Robert St. Estephe–Gonzo Historian–is dedicated to uncovering the forgotten past of marginalizing men. “Gonzo journalism” is characterized as tending “to favor style over fact to achieve accuracy.” Yet history – especially “social history” – is written by ideologues who distort and bury facts in order to achieve an agenda. “Gonzo” writing is seen as unorthodox and surprising. Yet, in the 21st century subjectivity, distortion and outright lying in non-fiction writing is the norm. Fraud is the new orthodoxy. Consequently, integrity is the new “transgressive.”
Welcome to the disruptive world of facts, the world of Gonzo History.
The anti-alimony movement was in high gear when popular novelist Faith Baldwin decided to write a novel exposing the Alimony Racket. The case of California’s “Alimony Sam” was nationally known; prominent judges Selah B. Strong of New York and Harry A. Lewis of Chicago were publicly excoriating the alimony racketeering epidemic practiced by an army of callous and predatory women. The first formal men’s rights organizations focused on fighting the racket across the nation. Faith Baldwin was inspired to expose the scamming activities of the “alimony heiresses” in fictional form.
FULL TEXT: “THE rising tide of divorce has brought us a new industry, the ultimate refinement of golddigging, the perfection of blackmail within the law – marriage for alimony,” said Faith Baldwin, the well-known writer. “Women who do not want husbands or children have found a joker in our marriage laws by which they can establish themselves comfortably for life – free, respectable, rich, safe – without personal cost or sacrifice.
“There are thousands and thousands of women who are being supported by men to whom they are no longer wives. There is no doubt that this business of alimony is getting to be a serious menace, it may be all right when a man has plenty of money. To pay a former wife a few thousand dollars in alimony may mean nothing to him. But, on the other hand, just consider how many men are forced to pay alimony who cannot afford it. You will find in the majority of cases that there is no good reason why they should pay it, either. The women are well able to take care of themselves. If they did not lack pride and self-respect, they would not accept money from men who no longer mean anything to them,” said the writer, with a flash of her deep-blue eyes.
Faith Baldwin is a charming woman whose most striking possessions are her sense of humor and her genuineness. She is as four-square [“marked by boldness and conviction” – ed] as a man and she does not hesitate to speak her mind frankly on any topic that absorbs her.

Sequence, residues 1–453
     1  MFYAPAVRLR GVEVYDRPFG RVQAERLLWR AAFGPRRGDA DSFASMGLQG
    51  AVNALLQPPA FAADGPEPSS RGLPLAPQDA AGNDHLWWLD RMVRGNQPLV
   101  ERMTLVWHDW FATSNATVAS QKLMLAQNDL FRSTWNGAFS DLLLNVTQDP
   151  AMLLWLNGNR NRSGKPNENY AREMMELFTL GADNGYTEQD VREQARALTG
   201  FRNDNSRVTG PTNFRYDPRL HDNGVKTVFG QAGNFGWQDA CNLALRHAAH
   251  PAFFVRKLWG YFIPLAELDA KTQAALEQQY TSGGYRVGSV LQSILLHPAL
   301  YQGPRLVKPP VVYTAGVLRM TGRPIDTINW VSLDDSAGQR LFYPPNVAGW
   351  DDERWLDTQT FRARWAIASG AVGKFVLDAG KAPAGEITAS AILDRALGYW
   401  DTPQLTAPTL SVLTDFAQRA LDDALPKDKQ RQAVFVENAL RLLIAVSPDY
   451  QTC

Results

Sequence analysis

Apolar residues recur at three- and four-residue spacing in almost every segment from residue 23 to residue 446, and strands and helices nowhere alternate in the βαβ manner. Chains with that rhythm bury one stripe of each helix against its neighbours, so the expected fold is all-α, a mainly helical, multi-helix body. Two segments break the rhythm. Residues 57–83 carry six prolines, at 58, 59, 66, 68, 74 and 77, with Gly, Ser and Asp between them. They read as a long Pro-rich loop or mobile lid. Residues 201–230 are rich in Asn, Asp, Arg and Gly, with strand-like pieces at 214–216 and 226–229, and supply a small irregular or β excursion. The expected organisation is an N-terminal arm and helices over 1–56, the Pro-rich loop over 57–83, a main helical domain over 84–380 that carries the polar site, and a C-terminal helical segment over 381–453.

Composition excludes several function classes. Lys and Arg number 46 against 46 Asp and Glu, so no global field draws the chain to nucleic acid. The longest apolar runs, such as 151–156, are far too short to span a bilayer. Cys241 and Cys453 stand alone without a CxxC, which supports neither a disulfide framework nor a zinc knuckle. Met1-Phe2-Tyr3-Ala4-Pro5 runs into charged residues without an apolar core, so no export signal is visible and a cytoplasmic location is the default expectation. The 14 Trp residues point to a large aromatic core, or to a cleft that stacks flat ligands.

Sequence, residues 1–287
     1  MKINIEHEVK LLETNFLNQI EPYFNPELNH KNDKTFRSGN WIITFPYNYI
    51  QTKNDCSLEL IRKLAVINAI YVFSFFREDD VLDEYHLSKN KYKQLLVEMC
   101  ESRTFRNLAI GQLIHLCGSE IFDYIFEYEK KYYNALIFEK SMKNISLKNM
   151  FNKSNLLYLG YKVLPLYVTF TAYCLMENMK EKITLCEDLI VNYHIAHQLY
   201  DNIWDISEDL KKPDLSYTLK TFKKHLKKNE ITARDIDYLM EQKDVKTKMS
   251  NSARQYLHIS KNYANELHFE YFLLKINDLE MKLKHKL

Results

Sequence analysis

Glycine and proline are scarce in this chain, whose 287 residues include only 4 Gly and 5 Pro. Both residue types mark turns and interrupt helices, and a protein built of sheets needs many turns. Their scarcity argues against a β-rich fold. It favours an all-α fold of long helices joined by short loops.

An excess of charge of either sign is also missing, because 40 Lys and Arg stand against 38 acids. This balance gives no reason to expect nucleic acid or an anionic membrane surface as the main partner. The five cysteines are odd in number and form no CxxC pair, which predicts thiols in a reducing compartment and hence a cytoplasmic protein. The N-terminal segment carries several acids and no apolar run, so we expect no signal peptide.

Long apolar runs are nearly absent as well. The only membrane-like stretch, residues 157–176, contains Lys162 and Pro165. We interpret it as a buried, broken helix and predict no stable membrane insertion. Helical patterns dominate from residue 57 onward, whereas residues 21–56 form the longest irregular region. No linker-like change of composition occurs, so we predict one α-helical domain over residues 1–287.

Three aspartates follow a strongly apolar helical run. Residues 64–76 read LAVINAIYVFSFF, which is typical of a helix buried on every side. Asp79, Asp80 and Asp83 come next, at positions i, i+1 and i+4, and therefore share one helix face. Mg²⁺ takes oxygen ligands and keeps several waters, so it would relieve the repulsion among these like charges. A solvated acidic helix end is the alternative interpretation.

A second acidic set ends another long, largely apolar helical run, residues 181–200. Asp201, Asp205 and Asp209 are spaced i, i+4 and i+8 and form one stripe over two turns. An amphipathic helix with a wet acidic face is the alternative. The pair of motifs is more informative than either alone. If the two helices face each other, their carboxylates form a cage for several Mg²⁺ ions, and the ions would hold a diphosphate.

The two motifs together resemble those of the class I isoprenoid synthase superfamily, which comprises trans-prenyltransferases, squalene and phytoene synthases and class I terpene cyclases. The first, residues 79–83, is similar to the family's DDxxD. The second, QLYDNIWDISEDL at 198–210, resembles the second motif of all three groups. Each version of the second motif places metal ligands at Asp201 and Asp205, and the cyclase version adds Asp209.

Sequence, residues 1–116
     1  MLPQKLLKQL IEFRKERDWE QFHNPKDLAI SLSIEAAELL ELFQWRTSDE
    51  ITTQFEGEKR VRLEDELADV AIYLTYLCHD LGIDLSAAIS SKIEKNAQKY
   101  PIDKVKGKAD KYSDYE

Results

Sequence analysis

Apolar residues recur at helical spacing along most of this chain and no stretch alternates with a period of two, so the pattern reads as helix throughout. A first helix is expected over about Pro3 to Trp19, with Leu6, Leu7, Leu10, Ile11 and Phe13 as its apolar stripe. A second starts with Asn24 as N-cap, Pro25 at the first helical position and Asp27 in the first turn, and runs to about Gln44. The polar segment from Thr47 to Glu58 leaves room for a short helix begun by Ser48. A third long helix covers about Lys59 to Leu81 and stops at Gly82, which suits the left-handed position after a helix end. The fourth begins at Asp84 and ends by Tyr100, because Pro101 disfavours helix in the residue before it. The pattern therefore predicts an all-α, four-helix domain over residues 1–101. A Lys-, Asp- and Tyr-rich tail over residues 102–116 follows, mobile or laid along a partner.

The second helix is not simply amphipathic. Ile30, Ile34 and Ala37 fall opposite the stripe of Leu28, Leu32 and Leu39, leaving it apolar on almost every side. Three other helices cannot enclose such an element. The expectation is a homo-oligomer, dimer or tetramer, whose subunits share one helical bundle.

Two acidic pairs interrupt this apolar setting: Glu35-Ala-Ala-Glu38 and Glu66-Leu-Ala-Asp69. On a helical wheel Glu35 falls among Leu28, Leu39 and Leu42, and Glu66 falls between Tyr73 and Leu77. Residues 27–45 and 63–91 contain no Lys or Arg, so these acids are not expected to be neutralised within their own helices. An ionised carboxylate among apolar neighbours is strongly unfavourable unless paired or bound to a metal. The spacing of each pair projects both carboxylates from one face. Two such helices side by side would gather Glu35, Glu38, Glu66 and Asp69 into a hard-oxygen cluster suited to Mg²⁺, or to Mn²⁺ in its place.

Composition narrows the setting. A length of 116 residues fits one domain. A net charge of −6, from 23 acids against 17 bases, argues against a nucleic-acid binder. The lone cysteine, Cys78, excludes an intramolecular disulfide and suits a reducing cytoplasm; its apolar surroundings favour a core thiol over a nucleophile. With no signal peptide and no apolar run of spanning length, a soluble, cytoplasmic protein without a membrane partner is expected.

She was educated at private schools both here and abroad, and at the age of 6 she wrote a play entitled “The Deserted Wife.” It is still extant and covers about two newspaper columns. During the war she worked with the War Camp Community Service, organizing girls’ clubs and military dances, and it was solely for relaxation that she wrote her first novel, “Mavis of Green Hill.” It was immediately accepted and, greatly encouraged, she turned to novel-writing as a career. Or, to be more exact, one of her careers, as she considers her husband and her children as two very important careers.
It is in her recent novel, “Alimony,” that she turns the searchlight on this most engrossing problem of the day. She shows what alimony does, what it does not do, the moral effect upon the women and children it roofs, clothes and feeds, and the burden it places on the man who pays it. Perhaps no writer is better qualified to deal with the subject than she. As the daughter of the late Stephen C. Baldwin, the famous New York trial lawyer, she was forever hearing him discuss the menace of alimony.
“I REMEMBER him telling my mother,” Miss Baldwin related, “that some day he was going to write a book on alimony. He wanted to awaken people to the unfair advantage that many women were taking of the alimony laws. Well, he never did. For a good many years I entertained the idea of getting to work on it. I studied the question in all its phases and discussed it with judges and lawyers. I realized that it was certainly serious enough to deserve consideration.
“The particular phase that interested me, as a writer, is the fact that there are many women who will marry merely with the idea of getting alimony. They know that marriage can be painlessly dissolved and they take their marriage vows with no intention at all of keeping them.
“Chorus girls are the most frequent offenders in this respect. Any number of them will get married with that end in view. They don’t even wait for a year to pass before seeking a divorce and demanding their alimony. They find it easier to do that than to earn the money for the luxuries they crave. In other words, they get a salary every week for having been the man’s wife.
“Judges are most wary of this practice on the part of women and they try to see to it that they do not take advantage of their husbands. But let a woman—particularly a pretty one—get a clever lawyer and she’ll usually get what she wants.”
“I know of one young blond woman who wanted an increase in her alimony. She came to court in her shabbiest frock and told the judge some sad tale of not being able to work because of ill-health. She looked very blond, very childlike and most appealing. The Judge being susceptible to childlike and appealing blondes and the lawyer being quite clever, she got the increase she wanted.” Her former husband, who knew she was nothing but a parasite, stormed at the injustice of it, but he was given the privilege of paying it or going to jail. He paid it. Since he was contemplating a second marriage at that time, it made it particularly difficult for him.”
“There are numerous instances where alimony can even be an incentive to immorality. I remember one case of which my father spoke which epitomizes the whole. A woman who had divorced her husband received alimony of $25,000 a year. She was accustomed to luxury and naturally demanded a sum that would keep her in the same state of comfort. Since her husband could afford it, he willingly gave it to her. But, this woman soon fell in love with another man who was poor in comparison to her former husband. She wanted him, yet she did not want to forgo her alimony. What did she do? She kept her alimony and entered into an illicit relationship with the man. It was that kind of woman for which my father had intense hatred. There are ever so many cases where a woman loves a man desperately enough to desire him and yet not enough to accept less financial comfort than she has always had, and it’s on the cards that she will have it both ways. She will take her cake and she will eat it, too.